TED SELLAROLE AND SAM TERRY
“Never thought I’d meet you here”
The statement above is Sam Terry commenting on meeting Ted Sellarole in Korea where they were stationed together in the same company. The chances of two people, from the same high school, crossing paths half way around the world in the service is slim, but it happened with these two guys.
I met Sam Terry on a construction site in the early 1990’s and he told me he had served in Korea with Ted Sellarole and just started laughing. He told me what a cutup Ted was and how he was always getting into trouble. Sam told me Ted would receive letters laced with perfume from his wife Nancy. Below is a letter I received, that was hand written from Ted Sellarole explaining his military service. After reading the letter you will have some idea why Sam laughed at the mention of Ted Sellarole and their service time together. Ted Sellarole and Sam Terry still keep in contact with each other fifty years after their service.
By: Bob Meli January 31, 2006
NOTE: Ted Sellarole graduated from Hackensack High School in 1949.
Sam Terry graduated from Hackensack High School in 1951.
January 31, 2006
“In 1952 I was exempt from the draft, but chose to be drafted and that was because the Army recruiter promised me after basic training I would go to flight school (observation - flying L19’s which are nothing but souped–up single engine Cessna. At that time I had just gotten my pilot license.
So after basic training as per the Army way of doing things, I was immediately sent to Korea. In Korea (it didn’t look like flight school to me for some reason) I was sent to Radio School for about one month. After completion of Radio School I was assigned to the 65th Regiment of the 3rd Division in what is called a headquarters or Radio Squad. I eventually became head of the radio group and was an acting first sergeant (I refused to wear a 1st sergeant arm band). I was a Private 1st class only. You don’t want to hear why I got busted 2 or 3 times!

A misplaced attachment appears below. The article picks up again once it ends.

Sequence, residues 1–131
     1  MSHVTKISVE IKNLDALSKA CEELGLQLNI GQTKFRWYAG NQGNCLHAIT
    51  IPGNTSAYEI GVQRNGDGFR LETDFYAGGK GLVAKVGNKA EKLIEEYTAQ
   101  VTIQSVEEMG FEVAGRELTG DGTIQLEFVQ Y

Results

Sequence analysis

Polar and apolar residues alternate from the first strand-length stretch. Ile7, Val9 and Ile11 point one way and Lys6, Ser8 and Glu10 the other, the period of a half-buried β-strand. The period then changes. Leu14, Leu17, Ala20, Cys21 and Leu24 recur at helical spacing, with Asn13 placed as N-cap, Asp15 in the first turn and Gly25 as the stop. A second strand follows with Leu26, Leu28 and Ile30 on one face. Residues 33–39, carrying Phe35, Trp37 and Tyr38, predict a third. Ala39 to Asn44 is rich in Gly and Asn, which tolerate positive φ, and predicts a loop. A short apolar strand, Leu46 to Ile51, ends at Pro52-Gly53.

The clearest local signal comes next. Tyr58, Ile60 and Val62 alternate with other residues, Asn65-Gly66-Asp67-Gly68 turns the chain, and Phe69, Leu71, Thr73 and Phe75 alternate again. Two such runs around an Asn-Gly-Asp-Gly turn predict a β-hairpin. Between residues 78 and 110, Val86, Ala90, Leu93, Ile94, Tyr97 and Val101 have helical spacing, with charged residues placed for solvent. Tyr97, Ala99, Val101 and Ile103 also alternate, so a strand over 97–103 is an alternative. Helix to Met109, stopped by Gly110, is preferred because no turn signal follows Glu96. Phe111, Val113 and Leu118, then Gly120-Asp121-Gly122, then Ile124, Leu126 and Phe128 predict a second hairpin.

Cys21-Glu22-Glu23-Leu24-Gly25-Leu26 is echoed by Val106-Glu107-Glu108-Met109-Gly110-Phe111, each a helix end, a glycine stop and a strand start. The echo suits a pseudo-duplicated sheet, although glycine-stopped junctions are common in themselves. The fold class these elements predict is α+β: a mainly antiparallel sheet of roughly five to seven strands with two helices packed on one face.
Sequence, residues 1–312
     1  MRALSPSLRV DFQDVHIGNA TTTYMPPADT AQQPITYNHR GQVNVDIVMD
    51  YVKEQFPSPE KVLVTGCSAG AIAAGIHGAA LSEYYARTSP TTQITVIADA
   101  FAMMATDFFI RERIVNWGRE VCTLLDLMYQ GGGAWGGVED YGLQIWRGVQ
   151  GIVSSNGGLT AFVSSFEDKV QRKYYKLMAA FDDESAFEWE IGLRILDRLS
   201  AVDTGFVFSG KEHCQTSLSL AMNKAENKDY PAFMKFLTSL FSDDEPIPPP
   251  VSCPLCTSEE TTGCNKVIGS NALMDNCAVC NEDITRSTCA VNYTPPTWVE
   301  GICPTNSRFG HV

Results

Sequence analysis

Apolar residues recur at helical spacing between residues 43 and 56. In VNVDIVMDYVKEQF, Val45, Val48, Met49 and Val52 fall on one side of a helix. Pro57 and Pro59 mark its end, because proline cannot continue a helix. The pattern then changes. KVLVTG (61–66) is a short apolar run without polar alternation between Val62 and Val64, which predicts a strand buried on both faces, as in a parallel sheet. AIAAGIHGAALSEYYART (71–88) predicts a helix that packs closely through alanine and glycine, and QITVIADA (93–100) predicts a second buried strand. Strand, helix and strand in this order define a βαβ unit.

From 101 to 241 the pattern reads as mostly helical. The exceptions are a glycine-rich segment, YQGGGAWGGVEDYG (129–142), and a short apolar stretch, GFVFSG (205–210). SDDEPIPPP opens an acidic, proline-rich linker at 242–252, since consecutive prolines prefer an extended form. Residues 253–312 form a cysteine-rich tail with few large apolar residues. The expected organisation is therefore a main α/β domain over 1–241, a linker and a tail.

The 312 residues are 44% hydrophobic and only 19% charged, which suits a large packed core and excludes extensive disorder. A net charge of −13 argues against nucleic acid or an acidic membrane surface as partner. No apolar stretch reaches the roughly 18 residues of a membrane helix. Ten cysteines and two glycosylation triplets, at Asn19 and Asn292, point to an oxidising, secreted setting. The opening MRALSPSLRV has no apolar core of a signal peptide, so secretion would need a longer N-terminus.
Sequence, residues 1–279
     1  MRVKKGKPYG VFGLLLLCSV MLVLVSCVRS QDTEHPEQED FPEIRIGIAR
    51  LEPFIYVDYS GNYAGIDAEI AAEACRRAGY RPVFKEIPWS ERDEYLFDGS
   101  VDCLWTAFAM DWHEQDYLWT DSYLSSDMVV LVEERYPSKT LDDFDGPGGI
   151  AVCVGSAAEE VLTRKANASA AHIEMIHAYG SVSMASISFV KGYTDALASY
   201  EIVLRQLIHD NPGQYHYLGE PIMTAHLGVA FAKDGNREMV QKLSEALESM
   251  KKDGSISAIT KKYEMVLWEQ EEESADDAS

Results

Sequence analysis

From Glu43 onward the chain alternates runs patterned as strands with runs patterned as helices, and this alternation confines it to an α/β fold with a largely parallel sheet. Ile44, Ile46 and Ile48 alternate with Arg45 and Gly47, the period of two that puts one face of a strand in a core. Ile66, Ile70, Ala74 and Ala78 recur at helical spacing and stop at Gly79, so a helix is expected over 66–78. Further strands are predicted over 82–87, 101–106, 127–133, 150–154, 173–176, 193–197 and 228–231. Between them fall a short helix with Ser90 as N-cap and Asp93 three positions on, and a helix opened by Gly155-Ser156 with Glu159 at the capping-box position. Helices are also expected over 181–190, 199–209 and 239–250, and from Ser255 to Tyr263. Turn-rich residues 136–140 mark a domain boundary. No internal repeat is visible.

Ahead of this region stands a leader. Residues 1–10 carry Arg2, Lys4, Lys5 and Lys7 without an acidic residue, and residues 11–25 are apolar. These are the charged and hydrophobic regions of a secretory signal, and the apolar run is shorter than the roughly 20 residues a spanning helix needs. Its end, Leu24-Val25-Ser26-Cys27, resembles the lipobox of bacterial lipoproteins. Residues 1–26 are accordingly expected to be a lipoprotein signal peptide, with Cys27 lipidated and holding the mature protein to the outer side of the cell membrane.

Nearing the end of the war the only thing of any type of fun (I don’t dare say action) was we were going back for a rest period and the North Koreans decided to kick the ass out of the South Koreans best Division – THE ROCK DIVISION. So we were in transit going south and we made a u-turn and went up to the so-called “Iron Triangle” to replace the South Koreans. Shortly thereafter the war ended.
The only other change in our boring stay was our company commander wanted a regimental radio school.
So I loaded up doing the “Sgt. Bilko” routine, which means I had the use of a jeep (another time for that story) and somehow I stole enough equipment to build and design a program for a radio school that handled fifteen students. I had three teachers and myself. We taught Morse code and radio procedures. Now I had two jobs in charge of the radio school and the company radio. Now guess what my rank is, you’re right PFC (private first class).
Now I hope you are bored to death. Exciting war stories!!! I did get a combat infantry badge and yes I took off a day because I made up my mind to fly one of those L-19 planes. I found an airstrip and did fly in one, and of course that was one of the times I got into trouble for leaving the area without permission.
I am sorry, but I was not a cooperating soldier, and don’t you think after being in Korea for about eight months the Army called me down to Division headquarters and said, “We see you have a pilot’s license would you like to go to L-19 flying school?” You don’t want to hear my response!
The Hero of Korea,